Planning Homeschool for the Struggling Learner

Planning Homeschool for the Struggling Learner -

Planning homeschool for the struggling learner takes some getting used to! If your child isn’t functioning at grade level, or is on various grade levels in different subjects, it can be even more challenging. I have had to learn (the hard way) how to plan for a struggling learner. My younger daughter struggles in multiple subjects, and I can’t buy a solid curriculum for her and just do a lesson a day until we’re finished. (I do that with my older daughter, and it’s great!) I have to piece together her curriculum and plan specifically for her needs.

Tips for Planning Homeschool for the Struggling Learner

  1. Identify what your struggling learner really needs to learn. You want to focus on the critical objectives so you can maximize your time. Some resources for finding out what children should learn include What Your Child Needs to Know When by Robin Sampson and your state’s educational objectives for each grade. (A Google search should pull those up.) Remember that these are guidelines. Your struggling learner may also be ahead in some areas and behind in others. That’s okay. You’re providing a customized education for your child’s needs.
  2. Find out more about your child as a learner. Observe your child while he does school work and while he plays. If you’ve had evaluations (speech, occupational therapy, neuro-psychological, learning disabilities) done for your child, read the reports carefully and look specifically for your child’s strengths and weaknesses. Use a tool like’s free assessment and learning profile or order a Playbook for a wealth of information. There are a host of other places to study learning styles and multiple intelligences. Use them to figure out how your child learns best!
  3. Develop a list of goals for the week. I tend to plan by the week because that’s what works for me. I think about what objectives I want to work on with my daughter that week, and I develop a loose plan for what we’re going to do each day. Be sure to include any therapy-related goals you need to focus on that support your academic goals. (For example, if your child struggles with fine motor skills that cause poor handwriting, work some hand strengthening exercises into your school day.)
  4. Plan activities for each objective. Use the information you learned about your child’s strengths to plan an activity that will help your child learn the information for each objective. Take into account your child’s special learning styles when you plan the activity. Homeschooling doesn’t have to mean workbooks every day. Play games, do craft projects, use lots of manipulatives! Do what works for your child.
  5. Mark progress. You cross objectives off your list and write them in your lesson planner. Your child needs to see progress too. One of my friends provides her child with a checklist that allows him to mark off each task as it’s completed. You can use pictures to represent each subject or objective if your child is a struggling reader.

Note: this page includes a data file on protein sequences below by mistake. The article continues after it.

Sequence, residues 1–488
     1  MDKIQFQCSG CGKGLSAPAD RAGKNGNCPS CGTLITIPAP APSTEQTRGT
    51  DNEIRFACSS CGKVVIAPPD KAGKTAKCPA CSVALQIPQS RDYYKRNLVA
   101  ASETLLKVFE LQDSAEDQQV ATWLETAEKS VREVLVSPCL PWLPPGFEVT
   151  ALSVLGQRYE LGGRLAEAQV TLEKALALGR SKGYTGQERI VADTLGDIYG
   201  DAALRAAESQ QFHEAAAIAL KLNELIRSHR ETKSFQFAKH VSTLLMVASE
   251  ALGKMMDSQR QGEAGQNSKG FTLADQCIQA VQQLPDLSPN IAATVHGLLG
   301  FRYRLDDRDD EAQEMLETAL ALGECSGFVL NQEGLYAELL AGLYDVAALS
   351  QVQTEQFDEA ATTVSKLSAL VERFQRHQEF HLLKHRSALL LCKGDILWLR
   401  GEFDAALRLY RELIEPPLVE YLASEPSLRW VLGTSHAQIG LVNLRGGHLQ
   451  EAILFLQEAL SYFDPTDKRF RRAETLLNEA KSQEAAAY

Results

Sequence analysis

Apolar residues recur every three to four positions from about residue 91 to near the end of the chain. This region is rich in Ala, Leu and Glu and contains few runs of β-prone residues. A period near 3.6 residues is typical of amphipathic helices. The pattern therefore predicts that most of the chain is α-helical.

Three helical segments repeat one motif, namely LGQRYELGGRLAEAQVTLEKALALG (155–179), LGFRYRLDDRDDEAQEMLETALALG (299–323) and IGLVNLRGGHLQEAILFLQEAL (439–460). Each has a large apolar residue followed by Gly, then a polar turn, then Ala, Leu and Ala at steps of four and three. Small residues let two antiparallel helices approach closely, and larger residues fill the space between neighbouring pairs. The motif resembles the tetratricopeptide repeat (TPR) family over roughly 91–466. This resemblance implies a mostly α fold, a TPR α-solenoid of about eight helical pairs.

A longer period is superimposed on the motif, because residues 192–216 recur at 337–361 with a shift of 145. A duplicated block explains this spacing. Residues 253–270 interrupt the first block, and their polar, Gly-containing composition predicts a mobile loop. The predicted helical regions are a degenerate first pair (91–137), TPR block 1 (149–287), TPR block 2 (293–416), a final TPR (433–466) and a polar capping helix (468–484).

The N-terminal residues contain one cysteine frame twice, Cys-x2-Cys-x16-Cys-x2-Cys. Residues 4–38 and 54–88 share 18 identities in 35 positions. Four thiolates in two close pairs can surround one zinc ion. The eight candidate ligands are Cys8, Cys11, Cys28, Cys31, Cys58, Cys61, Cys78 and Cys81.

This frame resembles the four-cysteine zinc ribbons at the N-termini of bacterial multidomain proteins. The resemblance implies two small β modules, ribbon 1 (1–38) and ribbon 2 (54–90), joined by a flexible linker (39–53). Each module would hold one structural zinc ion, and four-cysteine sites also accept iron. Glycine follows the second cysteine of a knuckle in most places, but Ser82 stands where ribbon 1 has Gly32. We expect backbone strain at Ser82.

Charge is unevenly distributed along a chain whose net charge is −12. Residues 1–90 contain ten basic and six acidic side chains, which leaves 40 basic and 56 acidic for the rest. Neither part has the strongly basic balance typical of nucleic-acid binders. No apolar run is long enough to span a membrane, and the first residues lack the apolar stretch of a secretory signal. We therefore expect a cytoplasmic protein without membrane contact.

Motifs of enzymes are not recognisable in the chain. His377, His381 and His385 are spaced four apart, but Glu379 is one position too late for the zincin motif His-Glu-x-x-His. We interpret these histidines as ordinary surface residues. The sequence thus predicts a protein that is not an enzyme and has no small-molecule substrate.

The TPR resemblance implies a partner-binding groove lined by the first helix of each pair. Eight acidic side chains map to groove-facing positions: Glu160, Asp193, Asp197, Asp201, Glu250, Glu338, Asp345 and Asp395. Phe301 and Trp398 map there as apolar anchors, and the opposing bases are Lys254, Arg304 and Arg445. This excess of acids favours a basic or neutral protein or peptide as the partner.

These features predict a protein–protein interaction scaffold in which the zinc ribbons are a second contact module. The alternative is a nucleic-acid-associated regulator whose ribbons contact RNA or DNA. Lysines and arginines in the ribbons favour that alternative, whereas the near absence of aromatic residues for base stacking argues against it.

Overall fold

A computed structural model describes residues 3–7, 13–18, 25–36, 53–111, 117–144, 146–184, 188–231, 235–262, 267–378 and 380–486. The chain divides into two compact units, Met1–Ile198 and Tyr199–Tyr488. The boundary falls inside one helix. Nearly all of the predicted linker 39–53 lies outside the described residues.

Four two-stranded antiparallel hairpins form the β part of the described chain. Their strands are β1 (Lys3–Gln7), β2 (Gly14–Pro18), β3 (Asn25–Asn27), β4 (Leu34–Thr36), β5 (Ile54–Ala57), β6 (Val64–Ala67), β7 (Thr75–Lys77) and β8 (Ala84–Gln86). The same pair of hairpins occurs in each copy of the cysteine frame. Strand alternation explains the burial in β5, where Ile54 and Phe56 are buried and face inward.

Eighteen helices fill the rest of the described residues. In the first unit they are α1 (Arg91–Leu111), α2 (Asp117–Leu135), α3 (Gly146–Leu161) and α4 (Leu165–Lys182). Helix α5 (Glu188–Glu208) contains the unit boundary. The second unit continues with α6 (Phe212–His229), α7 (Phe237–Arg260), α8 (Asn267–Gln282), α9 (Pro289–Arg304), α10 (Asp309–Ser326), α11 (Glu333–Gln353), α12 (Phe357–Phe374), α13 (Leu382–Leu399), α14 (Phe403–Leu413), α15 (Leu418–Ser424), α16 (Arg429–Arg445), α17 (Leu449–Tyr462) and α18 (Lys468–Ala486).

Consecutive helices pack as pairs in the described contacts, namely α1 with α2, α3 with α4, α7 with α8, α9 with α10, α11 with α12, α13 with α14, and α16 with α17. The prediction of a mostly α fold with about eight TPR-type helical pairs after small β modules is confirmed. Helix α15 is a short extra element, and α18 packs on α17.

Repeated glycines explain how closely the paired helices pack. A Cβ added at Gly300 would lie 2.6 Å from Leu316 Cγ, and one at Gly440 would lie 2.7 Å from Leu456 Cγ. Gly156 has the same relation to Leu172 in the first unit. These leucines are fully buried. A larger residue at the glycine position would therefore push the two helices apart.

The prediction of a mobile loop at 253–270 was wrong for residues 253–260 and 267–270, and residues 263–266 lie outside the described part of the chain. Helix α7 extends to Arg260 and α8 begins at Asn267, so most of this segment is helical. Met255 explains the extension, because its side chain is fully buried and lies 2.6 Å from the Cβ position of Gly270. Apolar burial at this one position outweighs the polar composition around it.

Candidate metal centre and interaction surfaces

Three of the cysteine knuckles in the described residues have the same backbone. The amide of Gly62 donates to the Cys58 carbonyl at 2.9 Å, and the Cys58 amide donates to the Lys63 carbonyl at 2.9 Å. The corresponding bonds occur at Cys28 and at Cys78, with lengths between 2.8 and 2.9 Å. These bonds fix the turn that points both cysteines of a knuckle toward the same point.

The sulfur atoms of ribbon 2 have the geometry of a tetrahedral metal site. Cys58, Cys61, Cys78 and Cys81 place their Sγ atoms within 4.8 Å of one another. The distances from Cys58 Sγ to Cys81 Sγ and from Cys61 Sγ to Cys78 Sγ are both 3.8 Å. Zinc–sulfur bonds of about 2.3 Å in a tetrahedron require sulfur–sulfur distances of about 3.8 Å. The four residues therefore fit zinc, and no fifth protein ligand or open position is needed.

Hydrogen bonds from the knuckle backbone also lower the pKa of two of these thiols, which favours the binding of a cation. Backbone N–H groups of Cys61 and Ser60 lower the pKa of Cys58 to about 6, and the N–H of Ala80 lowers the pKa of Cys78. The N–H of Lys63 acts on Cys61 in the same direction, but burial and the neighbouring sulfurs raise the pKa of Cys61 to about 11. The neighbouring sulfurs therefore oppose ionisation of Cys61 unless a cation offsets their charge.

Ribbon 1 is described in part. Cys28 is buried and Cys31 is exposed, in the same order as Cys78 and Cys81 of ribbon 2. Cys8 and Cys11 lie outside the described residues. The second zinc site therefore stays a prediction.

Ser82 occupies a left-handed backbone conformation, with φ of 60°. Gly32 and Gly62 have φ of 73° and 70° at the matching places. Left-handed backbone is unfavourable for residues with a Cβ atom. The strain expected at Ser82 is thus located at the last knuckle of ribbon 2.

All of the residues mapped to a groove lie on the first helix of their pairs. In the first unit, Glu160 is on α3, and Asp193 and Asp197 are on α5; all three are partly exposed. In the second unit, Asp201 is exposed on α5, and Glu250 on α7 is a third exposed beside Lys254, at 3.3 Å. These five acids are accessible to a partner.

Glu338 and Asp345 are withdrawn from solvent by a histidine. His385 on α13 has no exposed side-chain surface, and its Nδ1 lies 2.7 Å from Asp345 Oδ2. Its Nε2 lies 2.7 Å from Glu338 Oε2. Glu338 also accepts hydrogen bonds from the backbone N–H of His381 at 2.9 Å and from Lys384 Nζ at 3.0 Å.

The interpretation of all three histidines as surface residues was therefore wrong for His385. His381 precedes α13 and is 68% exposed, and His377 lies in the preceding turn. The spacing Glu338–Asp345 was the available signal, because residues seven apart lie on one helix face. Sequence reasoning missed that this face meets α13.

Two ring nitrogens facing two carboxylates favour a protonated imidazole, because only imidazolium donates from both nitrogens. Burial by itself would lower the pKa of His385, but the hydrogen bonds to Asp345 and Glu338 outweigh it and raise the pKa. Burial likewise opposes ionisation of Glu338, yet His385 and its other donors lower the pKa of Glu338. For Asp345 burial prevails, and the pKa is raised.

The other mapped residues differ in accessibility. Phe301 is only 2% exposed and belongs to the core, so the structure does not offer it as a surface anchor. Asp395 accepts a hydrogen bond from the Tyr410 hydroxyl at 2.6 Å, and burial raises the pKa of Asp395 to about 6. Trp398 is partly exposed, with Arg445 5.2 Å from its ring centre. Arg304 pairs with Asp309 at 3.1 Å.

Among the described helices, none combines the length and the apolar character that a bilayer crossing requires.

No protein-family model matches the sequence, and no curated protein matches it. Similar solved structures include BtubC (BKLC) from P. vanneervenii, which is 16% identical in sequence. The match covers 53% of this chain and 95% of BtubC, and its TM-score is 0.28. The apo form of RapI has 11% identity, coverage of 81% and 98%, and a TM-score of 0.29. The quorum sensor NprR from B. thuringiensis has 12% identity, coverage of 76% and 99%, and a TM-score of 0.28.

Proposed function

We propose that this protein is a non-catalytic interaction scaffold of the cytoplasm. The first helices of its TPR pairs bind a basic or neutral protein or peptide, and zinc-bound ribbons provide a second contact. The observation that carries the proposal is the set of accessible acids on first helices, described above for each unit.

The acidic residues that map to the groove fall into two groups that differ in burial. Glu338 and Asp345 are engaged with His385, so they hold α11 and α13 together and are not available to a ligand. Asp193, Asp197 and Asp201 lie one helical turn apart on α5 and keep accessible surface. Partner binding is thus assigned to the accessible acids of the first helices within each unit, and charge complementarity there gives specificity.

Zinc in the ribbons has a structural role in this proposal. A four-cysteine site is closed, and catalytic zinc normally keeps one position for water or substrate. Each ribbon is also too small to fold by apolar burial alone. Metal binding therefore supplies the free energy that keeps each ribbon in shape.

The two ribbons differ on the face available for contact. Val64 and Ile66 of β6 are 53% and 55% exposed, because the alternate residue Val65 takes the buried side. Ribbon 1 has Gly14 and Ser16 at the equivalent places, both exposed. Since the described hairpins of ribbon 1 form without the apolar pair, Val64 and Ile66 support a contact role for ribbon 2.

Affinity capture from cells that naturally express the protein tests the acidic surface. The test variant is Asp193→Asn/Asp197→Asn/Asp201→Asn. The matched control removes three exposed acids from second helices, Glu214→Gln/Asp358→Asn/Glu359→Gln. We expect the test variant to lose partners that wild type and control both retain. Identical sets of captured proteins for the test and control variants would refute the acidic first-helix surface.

6. Be realistic. You know your child better than anyone else. My child struggles in multiple subjects. If I really push her to her limits in reading one day, we may go lighter in math. If math is the area where I push hard, reading may be review that day. If she wakes up and has experienced a neurological “glitch” during the night, all plans (loose or otherwise) may have to be revised. We had an episode in March this year where she regressed quite a bit academically. I had to back up to where she was and help her relearn the things she lost. It took us a couple of months, but we made it back to where we’d been and moved forward again before we ended our school year. Be prepared to go with whatever happens.
  7. Wait to write out the “official” plans for the day. When I do my “loose” planning, I write it out on a legal pad or notebook paper to refer to throughout the week, cross off the objectives we have accomplished, and see what still needs to be done. I don’t document the day’s plans in my lesson plan book until after the day is over. Then I can write everything we’ve done for the entire day, and I don’t have to go back and try to erase or white out things that didn’t get done because of a glitch, illness, or something else unexpected.
  8. Stay the course. If you don’t get some of your objectives accomplished one week, roll them over to the next week and add to them. Stay focused on your goals, and you and your child will get there—together.

My friend Becky at This Reading Mama did a planning post for reluctant readers. Please visit her site for some great ideas!

Want more help with homeschool activities for your struggling learner? Check out these posts:

What’s your best tip for planning for your struggling learner?

This post is part of the Homeschool Planning Link-Up with the bloggers of iHomeschool Network. Click the graphic below to find all the other great posts!

Disclosure: This post contains affiliate links. I only recommend products that my family and I use personally and find beneficial. See my disclosure policy for more information.